|Item model number||CH-9109011-NA|
|Item Weight||2.76 pounds|
|Product Dimensions||17.24 x 6.53 x 1.53 inches|
|Item Dimensions LxWxH||17.24 x 6.53 x 1.53 inches|
|Is Discontinued By Manufacturer||No|
|Date First Available||June 12, 2018|
CORSAIR K70 RGB MK.2 Mechanical Gaming Keyboard - USB Passthrough & Media Controls - Tactile & Clicky - Cherry MX Blue - RGB LED Backlit, CH-9109011-NA
|Number of Buttons||104|
|Number of Keys||104|
About this item
- Make sure this fits by entering your model number.
- Aircraft-grade anodized brushed aluminum frame built to withstand a lifetime of gaming
- 8MB profile storage with hardware macro and lighting playback allow access to up to three stored profiles on the go independent of external software
- Per-key dynamic multi-color RGB backlighting offers near unlimited color customization and control
- 100% CHERRY MX mechanical key switches provide the reliability and accuracy you demand
- USB pass-through port provides convenient access to an additional USB port for your mouse or headset
- CORSAIR iCUE software enables vivid dynamic lighting control sophisticated macro programming and full-system lighting synchronization across compatible CORSAIR peripherals coolers fans and more Matrix - 104 keys
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This ItemCORSAIR K70 RGB MK.2 Mechanical Gaming Keyboard - USB Passthrough & Media Controls - Tactile & Clicky - Cherry MX Blue - RGB LED Backlit, CH-9109011-NA
|connectivity technology||USB||USB||USB 2.0||-||USB 2.0 Type-A||USB|
|number of keys||104||-||104||110||104||110|
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From the manufacturer
CHERRY MX BLUE
German-made CHERRY MX keyswitches provide the reliability and accuracy you demand with an audible and tactile response.
100% ANTI-GHOSTING WITH FULL-KEY ROLLOVER
No matter how fast your in-game actions are, every keypress registers correctly.
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The CORSAIR K70 RGB MK.2 is a premium mechanical gaming keyboard built to last. Equipped with a lightweight durable aluminum frame and 100% CHERRY MX gold-plated contact key switches, it boasts the reliability and accuracy you demand. Powerful CORSAIR iCUE software enables sophisticated macro programming, vivid dynamic multicolor illumination and full-system lighting synchronization. With 8MB of dedicated onboard memory and hardware playback, you can take all your settings with you. A host of extras put your PC at your fingertips, with USB pass-through, dedicated multimedia controls, a detachable soft-touch wrist rest and textured FPS and MOBA keycaps making it easy to call the shots and minimize interruptions. It's the most amazing K70 keyboard yet.
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Top reviews from the United States
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-Solid construction, including a gorgeous brushed aluminum back plate.
-Authentic Cherry MX switches.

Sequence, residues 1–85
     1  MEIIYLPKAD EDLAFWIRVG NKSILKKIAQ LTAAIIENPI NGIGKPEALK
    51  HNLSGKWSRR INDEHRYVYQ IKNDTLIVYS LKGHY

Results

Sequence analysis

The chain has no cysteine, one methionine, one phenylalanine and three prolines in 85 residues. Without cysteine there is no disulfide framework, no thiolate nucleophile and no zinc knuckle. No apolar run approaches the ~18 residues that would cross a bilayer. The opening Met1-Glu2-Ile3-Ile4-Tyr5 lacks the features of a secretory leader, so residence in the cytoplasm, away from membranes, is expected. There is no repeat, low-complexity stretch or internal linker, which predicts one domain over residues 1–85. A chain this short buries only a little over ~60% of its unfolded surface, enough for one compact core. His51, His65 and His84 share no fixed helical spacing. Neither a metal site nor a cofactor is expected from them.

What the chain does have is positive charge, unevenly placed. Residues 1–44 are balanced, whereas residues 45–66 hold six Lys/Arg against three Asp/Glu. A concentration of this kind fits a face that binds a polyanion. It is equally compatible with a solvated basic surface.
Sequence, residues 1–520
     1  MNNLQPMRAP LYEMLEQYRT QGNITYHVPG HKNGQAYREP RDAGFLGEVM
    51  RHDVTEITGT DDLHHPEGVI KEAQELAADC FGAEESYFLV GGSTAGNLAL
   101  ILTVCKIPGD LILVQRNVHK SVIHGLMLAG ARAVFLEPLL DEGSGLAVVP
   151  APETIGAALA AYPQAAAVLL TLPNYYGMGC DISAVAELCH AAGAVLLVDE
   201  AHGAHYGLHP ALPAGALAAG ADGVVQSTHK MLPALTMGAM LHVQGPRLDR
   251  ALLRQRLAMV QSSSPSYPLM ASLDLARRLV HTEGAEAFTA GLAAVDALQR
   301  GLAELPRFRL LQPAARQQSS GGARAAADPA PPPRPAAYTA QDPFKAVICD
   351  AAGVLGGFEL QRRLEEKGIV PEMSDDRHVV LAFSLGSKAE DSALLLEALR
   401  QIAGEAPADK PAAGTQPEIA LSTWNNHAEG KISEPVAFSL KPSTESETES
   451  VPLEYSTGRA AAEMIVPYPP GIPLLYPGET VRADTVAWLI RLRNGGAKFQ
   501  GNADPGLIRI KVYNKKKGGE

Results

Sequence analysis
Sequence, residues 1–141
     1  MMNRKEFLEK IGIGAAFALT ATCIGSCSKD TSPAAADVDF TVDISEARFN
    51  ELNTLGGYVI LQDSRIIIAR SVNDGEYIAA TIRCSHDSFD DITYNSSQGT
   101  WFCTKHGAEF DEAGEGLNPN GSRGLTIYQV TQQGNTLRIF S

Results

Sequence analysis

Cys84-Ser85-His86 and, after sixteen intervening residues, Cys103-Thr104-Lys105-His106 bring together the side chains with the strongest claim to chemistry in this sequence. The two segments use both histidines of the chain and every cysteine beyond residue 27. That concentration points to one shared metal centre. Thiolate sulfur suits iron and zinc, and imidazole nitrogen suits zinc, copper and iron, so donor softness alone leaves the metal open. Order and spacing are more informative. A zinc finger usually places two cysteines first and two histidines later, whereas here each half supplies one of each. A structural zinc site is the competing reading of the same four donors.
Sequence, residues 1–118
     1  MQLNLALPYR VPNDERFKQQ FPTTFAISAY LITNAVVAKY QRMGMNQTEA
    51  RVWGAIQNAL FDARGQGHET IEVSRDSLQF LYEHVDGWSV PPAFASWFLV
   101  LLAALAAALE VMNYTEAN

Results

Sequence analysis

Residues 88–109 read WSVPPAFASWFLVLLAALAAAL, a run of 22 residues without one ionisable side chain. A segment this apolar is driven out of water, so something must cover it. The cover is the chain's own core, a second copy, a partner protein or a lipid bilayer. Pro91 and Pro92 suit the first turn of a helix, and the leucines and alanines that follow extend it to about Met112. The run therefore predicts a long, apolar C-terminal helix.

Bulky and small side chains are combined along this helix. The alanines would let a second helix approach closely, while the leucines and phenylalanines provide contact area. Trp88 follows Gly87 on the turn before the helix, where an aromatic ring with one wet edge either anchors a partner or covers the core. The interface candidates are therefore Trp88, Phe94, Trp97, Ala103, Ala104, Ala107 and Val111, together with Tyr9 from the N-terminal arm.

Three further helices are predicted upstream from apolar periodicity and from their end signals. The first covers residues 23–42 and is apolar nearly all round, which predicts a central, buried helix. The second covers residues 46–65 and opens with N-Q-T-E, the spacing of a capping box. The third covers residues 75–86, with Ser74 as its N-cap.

-Plenty of features, including a very satisfying volume scroll wheel and extra gaming key caps for FPS and MOBA games.
-Bright back lighting
-iCue works well for assigning lighting patterns and macros, although I wish they allowed for double-layered macros.
-Font looks great on this keyboard, but it's not for everyone.
-Key caps are ABS plastic rather than PBT and began to develop a shine over the course of a year.
-Not RGB, if that matters to you
-Space key began to double space and exhibit other odd behavior, which led me to RMA the product.
The RMA experience was, all-in-all, quite pleasant. I submitted a ticket through the Corsair website and described the problem. My ticket was accepted and I shipped my keyboard to Corsair. I paid around $25 for this, since it was going from the east coast to the California. I also picked the cheaper shipping option, and it took a full 14 days to arrive. The turn-around from there took only about a week. Corsair chose to send an entirely new keyboard rather than send me my old one refurbished. This seems like a win to me, but I really hope the other one doesn't end up in a landfill somewhere and is recycled or refurbished somehow.
All-in-all, it took about $25 and 3 weeks to get a replacement keyboard. This isn't terrible. However, I'm quite disappointed that the space key switch failed after just one year. The replacement they sent me also seems to have an issue with adding an extra space occasionally (Maybe less than .05% of the time). I'm really unsure why this phenomenon exists, but I've heard it's not uncommon on Corsair K70s. I am hoping the issue doesn't progress as it did on my old K70.
At present, I do think this variant of the K70 sits at an attractive price point. I would not pay over $100 in 2019 - there are far too many great alternatives out there for that price that offer full RGB and a standard key layout with PBT key caps. If you can pick this keyboard up for under $90, it is well worth it.
Keeps entering values without my pressing of the keys. Thought i had a virus. Tried keyboard on laptop, same problem.
Looked online and wouldn't you know, there's like 1000 other people with the same problem. I bragged about you Corsair, i have your H110i, commander pro, Void Pro, ML140's
This is a big let down, only lasted 1.5 years.
This thing is an absolute dream, I'm actually using it to type this review. This is my first Mech keyboard. I chose Cherry Mx Blue because im an Engineering student and that comes with a lot of typing. I also like to play games, i'm left handed and the extra rugged keys for WASD allowed me to cover the 8,4,5,6 keys with instead because i use the keypad for movement. The keystrokes are so SATISFYING!!! Clickity clack click click clack its wonderful